Recipe of the week: A simple and delicious Shaker lemon pie

Lemons are one of life

Lemons are one of life’s “little luxuries,” said Susan LaTempa and Donna Deane in the Los Angeles Times. That’s especially true this year, after freezes destroyed much of the citrus crop. Scarcity and expense have made cooks especially appreciative of the lemon’s “unique panoply of flavors and textures.” This recipe, adapted from Tartine by Elisabeth Prueitt and Chad Robertson (Chronicle Books, $35), can be made with either regular or Meyer lemons. Its understated simplicity makes this pie a perfect—and delicious—example of the Shaker ethos.

Recipe of the week

Shaker Lemon Pie

Subscribe to The Week

Escape your echo chamber. Get the facts behind the news, plus analysis from multiple perspectives.

SUBSCRIBE & SAVE
https://cdn.mos.cms.futurecdn.net/flexiimages/jacafc5zvs1692883516.jpg

Sign up for The Week's Free Newsletters

From our morning news briefing to a weekly Good News Newsletter, get the best of The Week delivered directly to your inbox.

From our morning news briefing to a weekly Good News Newsletter, get the best of The Week delivered directly to your inbox.

Sign up

This pie may be served with lightly whipped unsweetened cream, if desired. Sanding sugar is coarse sugar used in decorating baked goods. Unless you’re using more tender-skinned Meyer lemons, prepare the lemons a few hours (or the night) before and set them aside to tenderize. Then prepare the dough and refrigerate to chill.

Pie shell

1 tsp salt

2/3 cup very cold water

3 cups plus 2 tbsp flour

1 cup plus 5 tbsp very cold butter

To make dough by hand, put flour in mixing bowl. Slice butter into 1-inch pieces and scatter over flour. Using pastry blender, cut butter into flour until mixture forms large crumbs and some butter is still pea-size. Drizzle in water-salt mixture; toss with fork until dough becomes a shaggy mass. Gently mix until dough comes together into ball but is not completely smooth. Some butter chunks should still be visible.

On lightly floured surface, divide dough into 2 equal balls. Shape each into 1-inch-thick disc. Wrap well in plastic wrap; chill for at least 2 hours or overnight. (Meanwhile, if you haven’t already, prepare lemons.)

On lightly floured surface, roll out one disc of dough to 1/8-inch thick, rolling from center toward edge in all directions. Lift and rotate dough a quarter turn every few strokes to discourage sticking, working quickly to prevent dough from becoming warm. Lightly dust work surface with extra flour as needed to prevent sticking.

Roll dough to make a round 1-1/2 inches larger than pan. Carefully transfer round to 9-inch tart pan with removable bottom, easing it into bottom and sides, then pressing gently into place, leaving 1-inch overhang. Roll out remaining disc to make second round for top crust. Cover and refrigerate.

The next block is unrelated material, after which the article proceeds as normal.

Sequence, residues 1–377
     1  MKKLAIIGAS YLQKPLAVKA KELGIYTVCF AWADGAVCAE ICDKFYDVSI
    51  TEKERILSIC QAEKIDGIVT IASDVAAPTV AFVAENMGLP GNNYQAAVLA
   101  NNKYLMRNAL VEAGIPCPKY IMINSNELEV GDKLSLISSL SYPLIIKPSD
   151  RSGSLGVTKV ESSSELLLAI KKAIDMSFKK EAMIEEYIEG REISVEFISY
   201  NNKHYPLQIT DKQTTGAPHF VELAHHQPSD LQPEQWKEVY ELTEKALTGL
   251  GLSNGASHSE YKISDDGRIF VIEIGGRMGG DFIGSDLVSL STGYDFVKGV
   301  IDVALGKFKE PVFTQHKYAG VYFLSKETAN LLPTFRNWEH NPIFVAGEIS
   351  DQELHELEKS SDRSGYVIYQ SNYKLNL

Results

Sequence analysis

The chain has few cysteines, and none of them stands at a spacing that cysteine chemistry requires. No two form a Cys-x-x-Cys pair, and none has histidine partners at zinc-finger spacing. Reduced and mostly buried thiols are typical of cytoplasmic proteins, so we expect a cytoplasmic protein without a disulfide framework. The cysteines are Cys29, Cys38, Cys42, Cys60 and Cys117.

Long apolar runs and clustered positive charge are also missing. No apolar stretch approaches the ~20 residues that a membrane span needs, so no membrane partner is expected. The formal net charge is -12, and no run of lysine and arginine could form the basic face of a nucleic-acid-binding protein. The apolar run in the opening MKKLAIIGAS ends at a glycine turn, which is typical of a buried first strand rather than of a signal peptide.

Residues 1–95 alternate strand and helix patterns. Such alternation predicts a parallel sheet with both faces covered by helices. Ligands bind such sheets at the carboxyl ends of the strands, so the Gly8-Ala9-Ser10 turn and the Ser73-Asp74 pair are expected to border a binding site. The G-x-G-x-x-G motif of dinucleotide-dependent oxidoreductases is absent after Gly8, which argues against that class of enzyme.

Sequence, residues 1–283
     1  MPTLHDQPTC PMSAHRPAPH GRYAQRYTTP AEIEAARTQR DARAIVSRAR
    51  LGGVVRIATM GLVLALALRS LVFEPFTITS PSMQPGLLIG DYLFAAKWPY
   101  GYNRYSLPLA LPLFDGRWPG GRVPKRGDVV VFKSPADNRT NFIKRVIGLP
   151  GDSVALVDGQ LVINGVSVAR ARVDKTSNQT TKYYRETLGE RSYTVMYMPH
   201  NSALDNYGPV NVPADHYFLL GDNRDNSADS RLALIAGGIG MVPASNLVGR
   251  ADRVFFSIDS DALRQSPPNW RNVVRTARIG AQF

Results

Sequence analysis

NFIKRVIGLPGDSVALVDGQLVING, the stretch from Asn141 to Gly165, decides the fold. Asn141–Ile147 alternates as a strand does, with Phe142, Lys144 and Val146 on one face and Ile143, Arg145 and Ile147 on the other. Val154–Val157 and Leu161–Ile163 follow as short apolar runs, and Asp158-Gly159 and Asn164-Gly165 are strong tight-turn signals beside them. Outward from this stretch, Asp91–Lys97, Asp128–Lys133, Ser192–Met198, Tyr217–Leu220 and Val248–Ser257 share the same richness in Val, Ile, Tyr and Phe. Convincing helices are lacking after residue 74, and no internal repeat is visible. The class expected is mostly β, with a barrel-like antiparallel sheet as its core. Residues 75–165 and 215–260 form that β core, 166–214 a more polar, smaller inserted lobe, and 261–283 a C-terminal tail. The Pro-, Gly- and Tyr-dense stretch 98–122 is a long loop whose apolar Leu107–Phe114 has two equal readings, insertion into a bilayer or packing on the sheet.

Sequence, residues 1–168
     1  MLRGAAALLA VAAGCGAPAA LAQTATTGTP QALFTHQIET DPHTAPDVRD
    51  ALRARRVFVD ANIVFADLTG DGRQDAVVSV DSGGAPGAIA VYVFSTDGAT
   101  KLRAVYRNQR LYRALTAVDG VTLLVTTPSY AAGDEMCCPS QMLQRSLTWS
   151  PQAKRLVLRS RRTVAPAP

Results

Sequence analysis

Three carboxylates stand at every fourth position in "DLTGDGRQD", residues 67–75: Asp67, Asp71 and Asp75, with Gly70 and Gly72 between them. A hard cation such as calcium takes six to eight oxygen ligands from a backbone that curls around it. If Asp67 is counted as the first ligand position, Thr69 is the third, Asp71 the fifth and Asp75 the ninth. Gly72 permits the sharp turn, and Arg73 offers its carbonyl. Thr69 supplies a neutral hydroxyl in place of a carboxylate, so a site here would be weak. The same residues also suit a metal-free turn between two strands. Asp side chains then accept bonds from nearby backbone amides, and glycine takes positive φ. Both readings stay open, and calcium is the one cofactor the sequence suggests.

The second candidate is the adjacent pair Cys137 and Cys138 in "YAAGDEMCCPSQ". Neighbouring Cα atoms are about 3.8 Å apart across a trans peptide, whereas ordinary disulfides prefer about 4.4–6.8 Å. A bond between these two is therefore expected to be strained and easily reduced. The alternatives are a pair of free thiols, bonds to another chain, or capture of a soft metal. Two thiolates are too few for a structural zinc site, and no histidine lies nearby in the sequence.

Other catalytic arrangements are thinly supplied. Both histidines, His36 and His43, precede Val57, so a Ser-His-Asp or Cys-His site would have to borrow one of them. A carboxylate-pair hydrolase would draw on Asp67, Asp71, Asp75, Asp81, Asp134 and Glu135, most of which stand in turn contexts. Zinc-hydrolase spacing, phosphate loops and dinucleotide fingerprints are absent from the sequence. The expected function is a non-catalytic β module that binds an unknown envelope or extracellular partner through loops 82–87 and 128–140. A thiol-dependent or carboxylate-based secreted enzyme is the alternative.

Filling and assembly

2 medium lemons (about 1/2 lb)

1-1/2 cups sugar

4 eggs

1/4 tsp salt

1 egg yolk

1 tbsp heavy cream

Sanding sugar

Cut lemons into paper-thin slices, discarding thicker stem end and any seeds. Put in stainless steel or glass bowl, add sugar, toss. Cover and let

sit at room temperature for 3 hours or overnight. Seeds that float to top can be fished out. (If using Meyer lemons, proceed to next step without letting them sit.)

In small bowl, whisk eggs and salt until blended. Add eggs to lemon mixture; mix thoroughly. Pour mixture into pastry-lined tart pan. Mixture will be very liquidy, so distribute lemon pieces evenly by hand.

To make egg wash, whisk together egg yolk and cream in small bowl. Brush rim of pastry with egg wash. Lay second pastry round over filling. Trim pastry by pressing down on edge of pan and discarding cut-off scraps. Brush top crust with egg wash, sprinkling sanding sugar evenly over top. Chill for about 30 minutes. Heat oven to 350 degrees. Cut a few slits in crust, and place tart on baking sheet lined with aluminum foil.

Bake until pie is golden brown on top and filling is bubbling, about one hour. Let pie cool completely to allow filling to set properly. Serve at room temperature or slightly warmed. Serves 8 to 10.

To continue reading this article...
Continue reading this article and get limited website access each month.
Get unlimited website access, exclusive newsletters plus much more.
Cancel or pause at any time.
Already a subscriber to The Week?
Not sure which email you used for your subscription? Contact us